• This is awesome... debugging through VS2017 takes about 7 seconds for each step regardless of how many VS features are disabled. Using your VIsual Code config, stepping is immediate, and I'm hitting both the typescript/javascript code and the C# code in the Controllers. – bvj Mar 12 '18 at 6:40
  • Yea I copied the launch file but breakpoints are still greyed out for me after a restart. Debugging in chrome works. Can I see the file structure setup? Idk what's exactly hooking debugging up to visual studio code. But I can't get it to work. – Daniel Jackson May 17 '18 at 15:07
  • So the only way I got this working was to start the first config, .Net Core Launch(web) and then manually start the Launch Chrome. I thought it was doing both for me since they are both in the launch.json. I'm still learning what exactly is happening here. – Daniel Jackson May 17 '18 at 15:30
5

Using the launch.json given by VSDekar, I was able to debug C# code, but not TypeScript. I also needed to set the sourceMapPathOverrides property in order to debug TypeScript. Here's my launch.json:

{
  "version": "0.2.0",
  "compounds": [
    {
      "name": "Full stack",
      "configurations": [".NET Core Launch (console)", "Launch Chrome"]
    }
  ],
  "configurations": [
    {
      "name": ".NET Core Launch (console)",
      "type": "coreclr",
      "request": "launch",
      "preLaunchTask": "build",
      "program": "${workspaceFolder}/bin/Debug/netcoreapp2.1/ExpenseMgmt.dll",
      "args": [],
      "cwd": "${workspaceFolder}",
      "stopAtEntry": false,
      "console": "internalConsole"
    },
    {
      "type": "chrome",
      "request": "launch",
      "name": "Launch Chrome",
      "url": "http://localhost:5000",
      "webRoot": "${workspaceFolder}/wwwroot",
      "breakOnLoad": true,
      "sourceMaps": true,
      "sourceMapPathOverrides": {
        "webpack:\\*": "${workspaceFolder}/*"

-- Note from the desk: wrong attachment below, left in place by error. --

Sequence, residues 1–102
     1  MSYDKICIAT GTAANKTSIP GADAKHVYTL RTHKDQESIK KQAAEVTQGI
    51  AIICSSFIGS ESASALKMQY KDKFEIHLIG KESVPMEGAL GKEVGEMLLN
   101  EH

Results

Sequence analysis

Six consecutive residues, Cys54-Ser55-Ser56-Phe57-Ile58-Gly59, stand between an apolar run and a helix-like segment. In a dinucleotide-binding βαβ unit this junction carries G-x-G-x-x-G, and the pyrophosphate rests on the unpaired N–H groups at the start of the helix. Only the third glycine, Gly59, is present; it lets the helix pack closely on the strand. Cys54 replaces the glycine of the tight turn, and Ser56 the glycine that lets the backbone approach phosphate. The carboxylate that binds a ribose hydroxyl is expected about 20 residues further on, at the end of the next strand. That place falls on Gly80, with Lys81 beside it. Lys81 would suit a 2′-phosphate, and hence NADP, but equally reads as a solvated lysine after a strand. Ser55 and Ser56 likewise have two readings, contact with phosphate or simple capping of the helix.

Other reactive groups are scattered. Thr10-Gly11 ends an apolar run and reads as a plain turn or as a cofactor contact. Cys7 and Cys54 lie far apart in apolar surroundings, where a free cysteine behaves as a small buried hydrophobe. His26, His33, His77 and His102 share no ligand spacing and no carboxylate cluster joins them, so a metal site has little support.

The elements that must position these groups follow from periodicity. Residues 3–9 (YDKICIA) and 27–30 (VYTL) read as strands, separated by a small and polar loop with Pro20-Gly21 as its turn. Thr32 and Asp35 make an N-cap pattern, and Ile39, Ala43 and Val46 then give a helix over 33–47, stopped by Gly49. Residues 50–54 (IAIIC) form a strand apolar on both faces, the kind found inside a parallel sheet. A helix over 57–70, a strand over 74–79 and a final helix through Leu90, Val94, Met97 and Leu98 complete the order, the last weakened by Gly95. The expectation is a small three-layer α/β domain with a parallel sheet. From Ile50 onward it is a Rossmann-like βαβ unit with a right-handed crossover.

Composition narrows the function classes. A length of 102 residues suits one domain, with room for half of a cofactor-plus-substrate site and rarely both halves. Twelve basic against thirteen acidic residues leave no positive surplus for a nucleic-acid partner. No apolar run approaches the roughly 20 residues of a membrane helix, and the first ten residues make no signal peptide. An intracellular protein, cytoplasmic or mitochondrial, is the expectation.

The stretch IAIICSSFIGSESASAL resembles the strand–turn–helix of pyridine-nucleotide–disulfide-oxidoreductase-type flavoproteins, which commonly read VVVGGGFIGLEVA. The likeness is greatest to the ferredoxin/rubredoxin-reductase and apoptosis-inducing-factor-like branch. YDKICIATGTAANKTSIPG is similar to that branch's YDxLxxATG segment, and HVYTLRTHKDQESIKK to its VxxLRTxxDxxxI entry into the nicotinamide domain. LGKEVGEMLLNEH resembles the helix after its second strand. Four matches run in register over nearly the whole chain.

}
    }
  ]
}
  • I used a similar config from github.com/DaniJG/AspCoreVue/blob/master/.vscode/launch.json (dotnetcurry.com/aspnet/1373/…) - what stumbled me a bit was that after removing the sourceMapPathOverrides ("/Views": "${workspaceRoot}/Views") I could still debug typescript =) – JimiSweden Jun 26 '18 at 10:14
  • As explained here verbatim: To find out what your overrides should look like, start a JavaScript debug session and enter .scripts in the VS Code Debug Console. This will show you a list of the scripts that were loaded during the debug request and any files they map to, as well as where VS Code thinks they are located. – Stephen Pham Jun 27 '18 at 5:59
  • Thanks Stephen, the sourceMapsPathOverrides solved my problem !! – Marcos Meli Oct 26 '18 at 2:31
0

Just use Microsoft's Multi-Target Debugging capabilities in VS Code. https://code.visualstudio.com/docs/editor/debugging#_multitarget-debugging

It works for me debugging ASP.NET Core 2.1 + React SPA template.

I first start the ".NET Core Launch (web)" config and then the "Launch Chrome" config. I can hit breakpoints in both C# code and JS code.

One difference from the stock .Net debug config is that I have changed the option in

"launchBrowser": {
        "enabled":

from true to false, because Chrome config opens its own browser window.

I know the question was for Typescript but I suspect this is the same procedure.